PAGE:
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Under Pressure (Already)

By · December 11th, 2009 · 0 Comments
Under Pressure (Already)

When trying to get a high school football recruit to come to Notre Dame, one of the biggest draws is the added exposure that player will receive, not only from the fans across the nation, but professional scouts as well. Storied history? Check. Historical significance? Check. Facilities that are second to none? Check. A schedule that covers the entire nation (as well as other countries)? Check. National television exposure nearly every week? Check.

However, when you’re the head coach at Notre Dame, the level of exposure is altogether different. This job comes with arguably more pressure than at any other NCAA school. After he was fired, former head coach Charlie Weis made it clear that coaching in South Bend presents additional complications when it comes to national scrutiny. Even though this was the first time that Weis publicly proclaimed his displeasure for the nationwide interest in the Irish, he certainly has mentioned it before, citing times when he’s had to sign autographs for Irish fans while being out with his family.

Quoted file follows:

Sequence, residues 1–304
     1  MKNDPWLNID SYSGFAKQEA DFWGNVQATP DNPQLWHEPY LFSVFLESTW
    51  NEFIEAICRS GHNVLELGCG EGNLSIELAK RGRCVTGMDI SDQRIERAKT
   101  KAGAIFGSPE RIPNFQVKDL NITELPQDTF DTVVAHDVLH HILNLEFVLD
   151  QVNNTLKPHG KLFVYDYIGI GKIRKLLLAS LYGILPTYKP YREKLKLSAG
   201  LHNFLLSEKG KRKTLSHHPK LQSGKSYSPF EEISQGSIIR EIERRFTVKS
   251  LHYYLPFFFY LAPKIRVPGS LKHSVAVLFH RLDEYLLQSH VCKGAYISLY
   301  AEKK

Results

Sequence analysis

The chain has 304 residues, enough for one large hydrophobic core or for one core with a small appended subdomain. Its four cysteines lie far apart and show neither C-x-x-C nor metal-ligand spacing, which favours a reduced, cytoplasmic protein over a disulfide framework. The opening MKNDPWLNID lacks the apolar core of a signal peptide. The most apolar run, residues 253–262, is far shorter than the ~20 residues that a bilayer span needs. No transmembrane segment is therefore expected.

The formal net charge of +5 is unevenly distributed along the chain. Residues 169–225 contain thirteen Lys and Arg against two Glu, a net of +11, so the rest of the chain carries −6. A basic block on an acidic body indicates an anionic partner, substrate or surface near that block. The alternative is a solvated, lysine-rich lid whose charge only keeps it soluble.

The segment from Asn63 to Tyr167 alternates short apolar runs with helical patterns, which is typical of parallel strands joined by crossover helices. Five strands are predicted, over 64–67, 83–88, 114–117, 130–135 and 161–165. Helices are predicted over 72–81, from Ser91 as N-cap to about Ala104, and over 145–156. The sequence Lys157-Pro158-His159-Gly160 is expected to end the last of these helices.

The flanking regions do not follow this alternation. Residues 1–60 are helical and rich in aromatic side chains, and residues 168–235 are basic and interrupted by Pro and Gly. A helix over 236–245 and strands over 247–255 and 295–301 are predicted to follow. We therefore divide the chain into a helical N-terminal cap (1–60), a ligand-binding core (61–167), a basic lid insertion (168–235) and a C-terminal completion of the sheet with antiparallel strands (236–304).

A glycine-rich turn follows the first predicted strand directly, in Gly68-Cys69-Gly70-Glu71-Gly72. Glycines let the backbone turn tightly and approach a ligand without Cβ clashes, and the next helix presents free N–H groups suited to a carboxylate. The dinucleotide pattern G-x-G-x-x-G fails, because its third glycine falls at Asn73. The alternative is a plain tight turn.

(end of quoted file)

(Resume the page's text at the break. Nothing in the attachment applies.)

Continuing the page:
Now that Weis has been replaced by Brian Kelly, the former head coach at the University of Cincinnati, the nation’s eye turns upon him. Before Kelly was even announced as Notre Dame’s new head football coach, he was introduced to the pressure that comes with the job. After he changed the background of his Twitter account to Notre Dame Stadium, changed his website to UND.com (the official website of Notre Dame Athletics), and changed his biography to, “Thrilled to be the coach of the Notre Dame Fighting Irish…,” not only did Kelly receive a ton of additional followers to his updates, but his page was flooded with numerous Irish fans voicing their pleasure over the recently leaked news of his hiring and numerous Cincinnati fans letting him know that they were *ahem* disgruntled, to say the least.

Because of the relative failures of the three previous coaching staffs, Brian Kelly and his yet-to-be-appointed staff will have even more additional pressure to succeed. It almost feels as though some Notre Dame fans and foes are already expecting Kelly to fail, even though his resume is quite impressive. Questions about his defensive aptitude have already been raised and his defensive acumen will be under heavy scrutiny when spring practice rolls around next year. Additionally, the manner in which he handled his hiring process left many current Cincinnati players displeased with their former coach.

Totaling the added scrutiny, exposure, and (unhealthy) interest that Notre Dame brings to any coach and the impressive record that Kelly brings in to Notre Dame, his hiring could be a recipe for glorious achievement or, as Bob Davie, Ty Willingham, and Charlie Weis can attest to, humiliating failure. For the sake of the University, the fan base, and Jack Swarbrick, let’s hope it’s the former and not the latter.

Welcome to Notre Dame, Brian Kelly. It won’t get any easier.



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